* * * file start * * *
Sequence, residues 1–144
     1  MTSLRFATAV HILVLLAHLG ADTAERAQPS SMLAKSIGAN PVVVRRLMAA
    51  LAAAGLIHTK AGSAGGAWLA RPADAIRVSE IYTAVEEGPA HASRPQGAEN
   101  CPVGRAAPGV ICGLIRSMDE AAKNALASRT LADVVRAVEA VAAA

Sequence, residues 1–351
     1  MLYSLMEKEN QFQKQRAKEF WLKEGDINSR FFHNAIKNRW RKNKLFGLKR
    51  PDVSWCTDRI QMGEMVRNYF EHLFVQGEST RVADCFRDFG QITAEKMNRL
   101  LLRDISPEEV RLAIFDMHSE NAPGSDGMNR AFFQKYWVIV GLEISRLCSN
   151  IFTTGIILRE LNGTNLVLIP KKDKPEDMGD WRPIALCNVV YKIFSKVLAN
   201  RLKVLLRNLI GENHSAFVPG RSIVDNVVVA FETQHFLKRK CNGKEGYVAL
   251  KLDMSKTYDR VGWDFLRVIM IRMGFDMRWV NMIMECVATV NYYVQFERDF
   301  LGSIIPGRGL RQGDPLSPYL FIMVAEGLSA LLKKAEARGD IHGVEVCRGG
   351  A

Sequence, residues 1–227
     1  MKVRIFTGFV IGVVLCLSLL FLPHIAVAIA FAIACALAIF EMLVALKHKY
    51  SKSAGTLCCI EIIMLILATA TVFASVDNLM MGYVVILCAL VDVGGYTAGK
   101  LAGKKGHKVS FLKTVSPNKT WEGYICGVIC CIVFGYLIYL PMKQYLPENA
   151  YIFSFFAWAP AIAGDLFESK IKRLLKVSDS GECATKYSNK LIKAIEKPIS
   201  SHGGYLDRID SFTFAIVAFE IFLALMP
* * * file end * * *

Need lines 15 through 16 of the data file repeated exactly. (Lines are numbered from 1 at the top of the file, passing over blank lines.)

     1  MKVRIFTGFV IGVVLCLSLL FLPHIAVAIA FAIACALAIF EMLVALKHKY
    51  SKSAGTLCCI EIIMLILATA TVFASVDNLM MGYVVILCAL VDVGGYTAGK